When people think of a barn, they consistently bring up the image of a wooden structure in the countryside, often located in the Midwest. Indeed, for centuries, timber has been the primary material used to construct the vast majority of barns throughout America. While certain kinds of lumber were once universal to build barns, the type of wood used to construct these structures can vary by region, and some regions might even have an advantage when it comes to building the best barns.
At EarlWorks we find that Minnesota barns are special for many reasons. First and foremost, they are a reflection of Minnesota's agricultural history. Many of the barns were built during the early part of the 20th century and are still standing today. The barns are often an impressive sight due to their simple, yet unique structure and shape, using old and expert techniques. Many Minnesota barns were painted red with white trim, and many barns still feature that classic aesthetic today. The craftsmanship and artistry invested in constructing these barns is also a factor in appreciating the barns' beauty.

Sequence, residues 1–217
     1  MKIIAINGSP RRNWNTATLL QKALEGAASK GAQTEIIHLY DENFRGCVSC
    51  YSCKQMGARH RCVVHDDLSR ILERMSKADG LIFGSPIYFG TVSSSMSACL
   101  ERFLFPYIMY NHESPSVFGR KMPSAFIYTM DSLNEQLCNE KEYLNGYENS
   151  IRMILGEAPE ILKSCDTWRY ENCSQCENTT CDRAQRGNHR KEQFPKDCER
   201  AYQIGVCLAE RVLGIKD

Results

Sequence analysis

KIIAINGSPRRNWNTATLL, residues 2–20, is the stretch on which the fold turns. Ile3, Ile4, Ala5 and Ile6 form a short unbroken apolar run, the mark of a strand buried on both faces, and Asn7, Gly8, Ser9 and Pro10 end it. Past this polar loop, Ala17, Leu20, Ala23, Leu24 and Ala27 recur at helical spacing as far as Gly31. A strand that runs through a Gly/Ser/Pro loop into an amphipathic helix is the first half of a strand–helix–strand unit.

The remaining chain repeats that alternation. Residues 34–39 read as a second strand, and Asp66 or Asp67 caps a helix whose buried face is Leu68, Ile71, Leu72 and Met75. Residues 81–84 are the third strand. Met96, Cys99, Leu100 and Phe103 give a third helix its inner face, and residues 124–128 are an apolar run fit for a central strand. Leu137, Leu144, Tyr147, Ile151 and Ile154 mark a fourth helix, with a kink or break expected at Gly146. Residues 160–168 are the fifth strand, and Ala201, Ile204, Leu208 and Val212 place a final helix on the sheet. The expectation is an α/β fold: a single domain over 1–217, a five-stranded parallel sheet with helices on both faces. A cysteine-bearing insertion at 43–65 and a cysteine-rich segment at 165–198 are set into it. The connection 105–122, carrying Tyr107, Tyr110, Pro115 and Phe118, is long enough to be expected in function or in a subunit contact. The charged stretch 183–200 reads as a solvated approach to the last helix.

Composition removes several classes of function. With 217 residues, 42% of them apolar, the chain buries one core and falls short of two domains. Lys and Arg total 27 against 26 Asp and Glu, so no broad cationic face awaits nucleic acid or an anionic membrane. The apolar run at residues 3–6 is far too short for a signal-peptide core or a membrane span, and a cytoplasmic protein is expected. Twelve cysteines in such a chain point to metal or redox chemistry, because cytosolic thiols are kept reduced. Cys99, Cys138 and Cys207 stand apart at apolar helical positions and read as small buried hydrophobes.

In the past, hardwoods were used in order to construct barns. These are long-lasting materials that can handle the climates of different seasons and standing up to the toughest weather. In some cases, boards were even milled to a certain size in order to fit certain corners of the barn. For example, softwoods such as pine were used for specific sections of the barn, for example, the doors, because they are easier to shape under the sawmill. Oak was commonly used for framing
The most common types of wood used in barn construction include oak, pine, fir, and cedar. Other woods, such as chestnut and poplar, have also been used.